On the School-Choice Barricades

In case you missed it, The Wall Street Journal featured the American Federation for Children and Kevin P. Chavous in its “Saturday Interview” section on Sept. 6, 2014.

 

On the School-Choice Barricades

Former D.C. councilman Kevin Chavous talks about his battles with teachers unions across the country and why the voucher movement is advancing.

By. Allysia Finley

‘It’s like a tale of two Americas on school choice,” says Kevin Chavous. There’s the status quo that includes the teachers unions and their allies. “And then there’s the other America”—those “who have to suffer every day because their kids aren’t getting the education they deserve.”

“This is really the fight for the soul of America” – Kevin P. Chavous

‘It’s like a tale of two Americas on school choice,” says Kevin Chavous. There’s the status quo that includes the teachers unions and their allies. “And then there’s the other America”—those “who have to suffer every day because their kids aren’t getting the education they deserve.”

You might say Mr. Chavous and his operation, with about 30 employees, are the shock troops for school choice on the other side of the barricades from the unions. The National Education Association has more money (some $1.4 billion in revenue) and three million members.

But Mr. Chavous has the political power of an idea—education opportunity for all—and school choice is clearly making inroads nationwide. In 2000 four states had private-school choice programs with 29,000 kids. Today, 19 states boast programs that enroll more than 308,000 children.

School-choice foes often target rural Republicans vulnerable to union pressure, Mr. Chavous says, “because their cousins, their wives, their sisters all are employed or have ties to what is often the largest employer in their county: the school districts.” Some politicians don’t want poor children attending their own children’s schools, which is why state legislators often seek to restrict choice programs to cities.

Unions used this strategy to defeat a voucher bill in Tennessee last year. Leading the opposition was GOP House Rep. Dennis Roach of Rutledge. Mr. Chavous’s operation fought back by targeting Mr. Roach in the Republican primary last month and he lost to businessman Jerry Sexton.

The move against Rep. Roach is part of a wider offensive this year to influence primaries across the country. All six candidates AFC endorsed in Oklahoma’s legislative primaries won, and all 11 of the candidates it backed in Arizona prevailed. The group has also backed candidates in primaries in Alabama, Florida, Georgia, Indiana, North Carolina and Wisconsin.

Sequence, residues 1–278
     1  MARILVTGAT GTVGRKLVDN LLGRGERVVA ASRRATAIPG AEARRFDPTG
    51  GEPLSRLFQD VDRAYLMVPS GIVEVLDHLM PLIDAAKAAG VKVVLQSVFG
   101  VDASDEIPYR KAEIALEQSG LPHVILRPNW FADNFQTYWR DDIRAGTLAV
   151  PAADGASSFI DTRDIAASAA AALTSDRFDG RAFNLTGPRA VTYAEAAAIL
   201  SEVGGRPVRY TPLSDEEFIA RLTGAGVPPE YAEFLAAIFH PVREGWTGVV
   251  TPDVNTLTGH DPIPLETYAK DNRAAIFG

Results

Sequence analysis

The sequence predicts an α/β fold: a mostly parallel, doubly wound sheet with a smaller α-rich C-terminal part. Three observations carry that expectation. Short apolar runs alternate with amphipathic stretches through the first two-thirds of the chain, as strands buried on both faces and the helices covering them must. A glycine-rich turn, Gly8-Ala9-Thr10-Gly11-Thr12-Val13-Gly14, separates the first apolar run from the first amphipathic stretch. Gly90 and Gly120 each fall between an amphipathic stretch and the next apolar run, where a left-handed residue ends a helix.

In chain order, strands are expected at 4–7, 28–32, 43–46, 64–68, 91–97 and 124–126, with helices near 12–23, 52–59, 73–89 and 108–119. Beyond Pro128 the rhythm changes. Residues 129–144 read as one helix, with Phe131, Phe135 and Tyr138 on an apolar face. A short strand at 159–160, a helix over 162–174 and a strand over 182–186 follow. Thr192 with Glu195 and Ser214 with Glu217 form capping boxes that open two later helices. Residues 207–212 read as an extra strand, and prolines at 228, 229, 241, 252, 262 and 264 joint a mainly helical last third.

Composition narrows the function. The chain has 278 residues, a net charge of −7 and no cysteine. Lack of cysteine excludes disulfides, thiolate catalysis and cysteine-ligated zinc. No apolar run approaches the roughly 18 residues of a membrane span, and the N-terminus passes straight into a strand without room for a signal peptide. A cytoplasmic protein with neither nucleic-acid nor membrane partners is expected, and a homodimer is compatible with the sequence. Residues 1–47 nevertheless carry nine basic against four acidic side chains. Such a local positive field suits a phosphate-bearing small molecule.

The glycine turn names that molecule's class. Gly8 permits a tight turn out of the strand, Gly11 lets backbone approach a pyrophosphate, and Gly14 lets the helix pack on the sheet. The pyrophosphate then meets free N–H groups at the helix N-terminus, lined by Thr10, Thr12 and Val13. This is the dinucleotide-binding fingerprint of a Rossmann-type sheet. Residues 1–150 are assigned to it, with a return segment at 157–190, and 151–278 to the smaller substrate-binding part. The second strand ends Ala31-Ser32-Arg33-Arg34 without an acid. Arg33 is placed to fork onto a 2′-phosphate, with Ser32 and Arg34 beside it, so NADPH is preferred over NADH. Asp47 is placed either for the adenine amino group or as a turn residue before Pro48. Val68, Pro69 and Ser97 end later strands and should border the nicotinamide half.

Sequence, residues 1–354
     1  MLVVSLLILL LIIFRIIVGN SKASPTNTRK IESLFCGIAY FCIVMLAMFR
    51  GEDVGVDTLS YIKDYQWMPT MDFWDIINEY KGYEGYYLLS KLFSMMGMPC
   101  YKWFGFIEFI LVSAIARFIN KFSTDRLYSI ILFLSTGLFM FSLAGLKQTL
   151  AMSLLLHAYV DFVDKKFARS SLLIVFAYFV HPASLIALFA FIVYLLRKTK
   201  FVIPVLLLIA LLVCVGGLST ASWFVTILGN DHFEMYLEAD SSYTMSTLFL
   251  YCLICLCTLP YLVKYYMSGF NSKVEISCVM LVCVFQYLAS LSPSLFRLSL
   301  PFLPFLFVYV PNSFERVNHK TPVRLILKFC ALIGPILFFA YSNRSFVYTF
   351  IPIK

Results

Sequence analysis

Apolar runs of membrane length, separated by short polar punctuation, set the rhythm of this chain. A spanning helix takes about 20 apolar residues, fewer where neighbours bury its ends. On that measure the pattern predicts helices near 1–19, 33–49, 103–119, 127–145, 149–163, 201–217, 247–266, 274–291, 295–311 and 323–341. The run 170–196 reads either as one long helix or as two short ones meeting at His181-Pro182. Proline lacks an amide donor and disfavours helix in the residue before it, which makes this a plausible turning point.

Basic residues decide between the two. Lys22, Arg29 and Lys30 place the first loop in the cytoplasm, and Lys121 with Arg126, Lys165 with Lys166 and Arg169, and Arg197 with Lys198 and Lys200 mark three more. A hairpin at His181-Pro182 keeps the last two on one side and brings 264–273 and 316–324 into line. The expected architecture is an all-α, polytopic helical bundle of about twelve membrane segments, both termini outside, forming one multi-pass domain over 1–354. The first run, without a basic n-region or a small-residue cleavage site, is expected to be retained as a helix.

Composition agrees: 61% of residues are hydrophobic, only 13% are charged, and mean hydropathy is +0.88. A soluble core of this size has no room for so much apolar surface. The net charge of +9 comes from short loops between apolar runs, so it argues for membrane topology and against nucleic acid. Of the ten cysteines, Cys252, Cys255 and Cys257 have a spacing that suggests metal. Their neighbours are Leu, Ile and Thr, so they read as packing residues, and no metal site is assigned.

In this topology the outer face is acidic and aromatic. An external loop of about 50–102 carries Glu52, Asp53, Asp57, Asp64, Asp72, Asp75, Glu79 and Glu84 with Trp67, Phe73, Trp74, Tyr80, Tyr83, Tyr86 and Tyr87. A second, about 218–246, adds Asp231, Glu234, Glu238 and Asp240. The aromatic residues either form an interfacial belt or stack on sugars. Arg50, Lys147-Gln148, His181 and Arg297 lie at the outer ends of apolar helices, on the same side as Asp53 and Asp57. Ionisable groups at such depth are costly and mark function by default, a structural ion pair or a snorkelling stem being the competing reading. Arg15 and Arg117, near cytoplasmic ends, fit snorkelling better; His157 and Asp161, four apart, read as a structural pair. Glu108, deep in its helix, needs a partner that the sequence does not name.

There was a time when Mr. Chavous, who calls himself a “recovering politician,” was the sort of person teachers unions recruited to their side. In 1992 he was elected to represent Washington’s eastern Ward 7, a predominantly black section with some “challenging” neighborhoods.

He says he began visiting city jails and perceived “the direct link between education, crime, homelessness, jobs, drug abuse, poverty.” Finding that “85% of our inmates were high-school dropouts,” Mr. Chavous says, he began to inspect the city’s broken public schools.

He was among the first Democrats nationwide to embrace charter schools. And he paid the price during a 1998 mayoral bid, when he says the union ran ads that said in essence “Chavous hates your kids.” He recalls being asked by his 7-year-old son, “Dad, why don’t you like my teacher?” Mr. Chavous finished second in the Democratic primary to Anthony Williams —who as mayor from 1999 to 2007 became one of Mr. Chavous’s staunchest school-choice allies.

He also sees “some opportunities” in New York state, though ultimately Mr. Chavous considers the entire country ripe for better school options. “This is really the fight for the soul of America,” he says. “Parents are tired of the status quo offering promises of change that don’t take place.”

Click here to read the full story (http://on.wsj.com/ZerJ3Y).